Carlos Sainz investigated by FIA over video clip with his father posted online

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Carlos Sainz Jnr has been supporting his rally driver dad Carlos Sainz Snr, who is competing in the Dakar Rally (Image: Getty Images)
Carlos Sainz Jnr has been supporting his rally driver dad Carlos Sainz Snr, who is competing in the Dakar Rally (Image: Getty Images)

The Formula 1 season may be over, but Carlos Sainz managed to still find a way to annoy the FIA in an unexpected way.

The Ferrari driver is not competing in motorsport, but is currently in Saudi Arabia to support his father, also named Carlos. Sainz Snr is a rallying legend currently competing in the world famous Dakar Rally, cheered on by his F1 star son.

But the younger Spaniard committed an accidental faux pas which prompted an investigation into both of them. It was brought to the attention of the governing body after footage of the incident was posted on social media.

In the clip, Sainz Snr is shown working with co-pilot Lucas Cruz to perform repairs to his Audi RS Q E-Tron E2 car in the middle of the desert. Wearing full racing overalls and his helmet, he is seen fixing a problem with the brake on the left rear wheel of his car.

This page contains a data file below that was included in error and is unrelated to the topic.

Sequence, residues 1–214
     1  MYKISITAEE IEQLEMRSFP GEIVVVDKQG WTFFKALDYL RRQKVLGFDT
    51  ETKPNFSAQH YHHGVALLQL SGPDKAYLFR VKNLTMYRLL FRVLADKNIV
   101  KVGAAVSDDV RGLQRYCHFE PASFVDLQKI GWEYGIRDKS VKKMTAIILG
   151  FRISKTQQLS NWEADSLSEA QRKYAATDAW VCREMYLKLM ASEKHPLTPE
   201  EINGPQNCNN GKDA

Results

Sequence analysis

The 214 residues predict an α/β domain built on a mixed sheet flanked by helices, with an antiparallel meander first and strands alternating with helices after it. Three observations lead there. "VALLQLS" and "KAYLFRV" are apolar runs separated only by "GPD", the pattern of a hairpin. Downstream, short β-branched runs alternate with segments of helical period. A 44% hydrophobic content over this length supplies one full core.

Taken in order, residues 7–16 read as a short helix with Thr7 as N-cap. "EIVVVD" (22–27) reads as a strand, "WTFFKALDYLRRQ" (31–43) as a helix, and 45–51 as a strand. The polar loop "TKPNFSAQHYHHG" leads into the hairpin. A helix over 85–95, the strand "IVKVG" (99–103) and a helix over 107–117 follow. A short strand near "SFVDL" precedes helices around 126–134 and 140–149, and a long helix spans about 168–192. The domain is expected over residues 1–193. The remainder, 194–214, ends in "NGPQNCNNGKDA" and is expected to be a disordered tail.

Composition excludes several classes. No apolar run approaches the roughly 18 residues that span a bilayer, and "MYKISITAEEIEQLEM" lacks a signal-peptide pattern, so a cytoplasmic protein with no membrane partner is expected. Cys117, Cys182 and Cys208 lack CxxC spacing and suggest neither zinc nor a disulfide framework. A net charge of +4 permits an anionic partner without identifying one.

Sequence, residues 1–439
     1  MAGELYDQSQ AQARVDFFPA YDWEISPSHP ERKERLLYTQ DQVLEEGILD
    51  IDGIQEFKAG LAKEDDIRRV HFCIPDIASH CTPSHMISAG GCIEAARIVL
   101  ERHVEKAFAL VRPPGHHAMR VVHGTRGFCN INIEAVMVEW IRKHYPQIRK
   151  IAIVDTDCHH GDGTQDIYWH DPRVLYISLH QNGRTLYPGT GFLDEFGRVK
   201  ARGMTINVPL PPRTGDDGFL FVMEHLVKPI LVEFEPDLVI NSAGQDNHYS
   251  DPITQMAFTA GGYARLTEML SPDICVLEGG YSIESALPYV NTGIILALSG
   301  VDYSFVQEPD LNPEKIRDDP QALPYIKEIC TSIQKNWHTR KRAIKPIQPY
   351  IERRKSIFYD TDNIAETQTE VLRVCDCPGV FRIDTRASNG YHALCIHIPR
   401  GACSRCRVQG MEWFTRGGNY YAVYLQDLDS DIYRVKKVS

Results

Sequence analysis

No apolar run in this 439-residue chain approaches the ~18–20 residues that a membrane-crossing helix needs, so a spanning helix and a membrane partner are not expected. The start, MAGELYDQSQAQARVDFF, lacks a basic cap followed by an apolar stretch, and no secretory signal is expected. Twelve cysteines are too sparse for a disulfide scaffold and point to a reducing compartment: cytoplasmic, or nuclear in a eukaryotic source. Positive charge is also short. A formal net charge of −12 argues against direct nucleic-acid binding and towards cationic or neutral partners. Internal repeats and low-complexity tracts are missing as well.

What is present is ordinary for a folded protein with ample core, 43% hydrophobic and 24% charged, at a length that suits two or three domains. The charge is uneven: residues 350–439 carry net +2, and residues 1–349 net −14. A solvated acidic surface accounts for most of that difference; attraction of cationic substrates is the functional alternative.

Sainz Jnr is seen nearby, wearing a bright yellow jacket. He is seen speaking to his father several times as they look closely at the car, clearly keen to get it up and running as quickly as possible.

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But F1's 'Smooth Operator' made a bit of a blunder when, at the end of the clip, he was shown to close the driver side door of the car after his dad had got back in. It was enough to concern the FIA sporting delegate that, in doing so, he may have broken the rules.

"The presence of team personnel or any team conveyance (including helicopters) is prohibited within one kilometre of its competing vehicle," according to Article 49.2.1 of the rules. There are, however, some exceptions to that rule.

Given the chance to plead their case, Sainz Snr and his Audi team made the point that the F1 driver was not a part of the team and wasn't acting on their orders. Fortunately for them, the FIA accepted that explanation and decided not to hand out a punishment.

"There is no evidence confirming a violation of the regulations in a legal sense," the stewards ruled. But they did give young Sainz a bit of an indirect telling off, adding: "The behaviour of all members of the motorsport community should not raise any doubts.

"Of particular importance is the fact that very well-known people in motorsport set an example for everyone else." Perhaps as a result of this incident, plus the fact he has a new F1 season to prepare for, the younger Spaniard is no longer following the Dakar and has returned home.

Daniel Moxon

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